Taylor (1993), to the more recent New Keynesian literature deriving optimal monetary

policy rules from the minimization of a microfounded loss function, the monetary

instrument has to be chosen in order to match a given inflation target (among with

other targets). However, in an open economy context two alternative measures of

inflation coexist: domestic inflation and consumer price inflation (CPI inflation). For

most of the OECD countries those two variables display different dynamics therefore,

a relevant question is which one of these two should be used by the monetary authority

as target variable. This is the question addressed in the paper.

With this purpose in mind, we develop a small open economy model similar to

the one used by Gal´ı and Monacelli (2005). The main difference with respect to that

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model is the introduction of sticky wages. Under this assumption the volatility of

CPI inflation and the impossibility for some workers to adjust their wages in order

to keep their markups at the desired level makes the stabilization of CPI relevant

in this context. In particular, the assumption on wages has two main consequences:

first, given the presence of wage rigidities, strict inflation targeting will no longer be

optimal (as Erceg, Henderson and Levin (2000) show in a closed economy setup);

second, fluctuations in CPI inflation will induce undesired fluctuations in wage mark

ups and, therefore, in firms’ marginal costs and domestic inflation.

The main result of the paper is that, reacting to changes in CPI inflation instead

of focusing on targeting domestic inflation, the monetary authority will obtain better

results in terms of stabilizing wage inflation and output gap. This makes it desirable

to stabilize CPI inflation rather than domestic inflation. The importance of this

result is that, differently from the existing open economy literature, it is in line with

the practice of inflation-targeting central banks. Indeed, from an operational point

of view, there seems to be an unanimous consensus among central banks on CPI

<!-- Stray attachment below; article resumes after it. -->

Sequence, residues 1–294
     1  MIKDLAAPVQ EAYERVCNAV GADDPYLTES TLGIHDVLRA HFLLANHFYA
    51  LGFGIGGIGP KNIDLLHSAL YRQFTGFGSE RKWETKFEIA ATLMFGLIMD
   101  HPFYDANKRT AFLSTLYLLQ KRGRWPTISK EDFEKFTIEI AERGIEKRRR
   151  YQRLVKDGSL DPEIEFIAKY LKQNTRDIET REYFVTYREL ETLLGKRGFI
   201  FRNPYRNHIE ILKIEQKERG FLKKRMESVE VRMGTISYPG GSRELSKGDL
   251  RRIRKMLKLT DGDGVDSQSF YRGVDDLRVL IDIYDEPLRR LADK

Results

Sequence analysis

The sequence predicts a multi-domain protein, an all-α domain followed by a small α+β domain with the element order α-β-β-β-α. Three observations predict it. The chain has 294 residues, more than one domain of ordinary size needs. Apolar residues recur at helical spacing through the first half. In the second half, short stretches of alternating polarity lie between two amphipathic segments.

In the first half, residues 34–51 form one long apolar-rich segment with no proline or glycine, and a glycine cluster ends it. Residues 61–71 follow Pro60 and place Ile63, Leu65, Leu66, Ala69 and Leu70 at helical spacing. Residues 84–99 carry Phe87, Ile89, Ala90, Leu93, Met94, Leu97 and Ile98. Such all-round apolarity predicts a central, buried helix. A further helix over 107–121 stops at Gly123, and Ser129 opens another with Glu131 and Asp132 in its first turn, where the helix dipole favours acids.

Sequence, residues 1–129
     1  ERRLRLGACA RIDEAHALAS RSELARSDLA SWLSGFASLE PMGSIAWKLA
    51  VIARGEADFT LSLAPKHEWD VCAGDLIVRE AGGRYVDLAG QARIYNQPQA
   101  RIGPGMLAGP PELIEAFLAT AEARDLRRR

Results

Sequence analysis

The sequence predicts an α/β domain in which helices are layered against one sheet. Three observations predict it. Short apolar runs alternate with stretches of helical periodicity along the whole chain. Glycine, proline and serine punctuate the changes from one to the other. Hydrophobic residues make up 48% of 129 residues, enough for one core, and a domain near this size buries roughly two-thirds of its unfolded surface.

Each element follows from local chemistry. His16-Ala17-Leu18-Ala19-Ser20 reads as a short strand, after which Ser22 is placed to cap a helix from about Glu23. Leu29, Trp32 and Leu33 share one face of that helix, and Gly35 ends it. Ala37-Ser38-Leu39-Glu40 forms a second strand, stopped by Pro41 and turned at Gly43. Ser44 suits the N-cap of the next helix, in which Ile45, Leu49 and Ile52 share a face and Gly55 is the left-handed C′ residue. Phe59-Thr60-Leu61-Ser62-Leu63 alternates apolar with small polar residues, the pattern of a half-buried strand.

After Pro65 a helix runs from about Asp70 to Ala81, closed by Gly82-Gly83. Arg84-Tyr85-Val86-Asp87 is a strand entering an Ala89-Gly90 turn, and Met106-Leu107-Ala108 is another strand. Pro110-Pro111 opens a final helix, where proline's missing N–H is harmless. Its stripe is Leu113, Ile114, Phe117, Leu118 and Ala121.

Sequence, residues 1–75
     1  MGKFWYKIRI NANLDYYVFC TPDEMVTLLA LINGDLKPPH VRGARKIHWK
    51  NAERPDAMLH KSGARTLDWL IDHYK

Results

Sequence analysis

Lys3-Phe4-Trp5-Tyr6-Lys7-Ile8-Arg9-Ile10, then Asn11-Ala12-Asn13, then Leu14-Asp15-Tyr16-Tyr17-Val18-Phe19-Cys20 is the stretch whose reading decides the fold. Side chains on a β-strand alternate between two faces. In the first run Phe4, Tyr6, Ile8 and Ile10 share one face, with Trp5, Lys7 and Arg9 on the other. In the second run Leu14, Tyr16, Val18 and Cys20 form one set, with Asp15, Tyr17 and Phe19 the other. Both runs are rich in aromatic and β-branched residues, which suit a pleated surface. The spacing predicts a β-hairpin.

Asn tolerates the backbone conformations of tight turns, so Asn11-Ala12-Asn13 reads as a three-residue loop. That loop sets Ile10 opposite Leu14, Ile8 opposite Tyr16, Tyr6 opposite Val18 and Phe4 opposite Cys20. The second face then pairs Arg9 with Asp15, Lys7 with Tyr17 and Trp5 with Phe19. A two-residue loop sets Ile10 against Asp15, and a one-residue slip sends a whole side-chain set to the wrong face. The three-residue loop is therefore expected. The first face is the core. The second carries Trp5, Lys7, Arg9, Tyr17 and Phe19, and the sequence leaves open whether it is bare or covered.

inflation being the correct target. In particular, as stressed by Bernanke and Mishkin

(1997), starting from 1990 the following countries have adopted an explicit target

to CPI inflation: Australia, Canada, Finland, Israel, New Zealand, Spain, Sweden,

UK. To this list we can add more recently Norway and Hungary. In the EMU,

the European Central Bank has the objective to stabilize the Harmonized Index of

Consumer Prices (HCPI) below 2%. In contrast, from a theoretical point of view,

most of the literature suggests that the monetary authority should choose domestic

inflation as target variable for inflation1. Hence, the contribution of the paper is to

show that the introduction of sticky wages may help reconcile the workhorse model

for monetary policy analysis in an open economy with the practice of many monetary

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authorities.

Regarding the assumptions on which the results of the paper are built, there

is strong empirical evidence of wage rigidity in the economy2. As underlined by

Christiano, Eichenbaum and Evans (2005) and by Smets and Wouters (2003), the

introduction of wage rigidity is a crucial assumption in order to improve the ability

of the New-Keynesian models to match the data. Consequently, there is empirical

evidence in favour of the importance of modelling also wage rigidity in order to obtain

more reliable dynamics.

Solving the model under the assumption of sticky wages and looking at the Phillips

Curve and the wage inflation equation a clear relation between domestic, CPI and

wage inflation emerges. In particular, changes in the CPI inflation induce fluctuations

in the wage markup and, therefore, increase the volatility of what can be considered

an endogenous cost push shock i.e., the higher the volatility of CPI inflation, the

bigger is the trade off faced by the monetary authority. Given that, it is clearly

difficult to stabilize domestic inflation without stabilizing also CPI inflation. In order

to obtain a more precise analysis of what a central bank should do, we derive the

welfare function as a second order approximation of the utility function and then

compute the fully optimal monetary policy under commitment. Using the optimal

monetary policy as a benchmark, we then compare different interest rate rules. In the

choice of possible targets for monetary policy we disregard the output gap because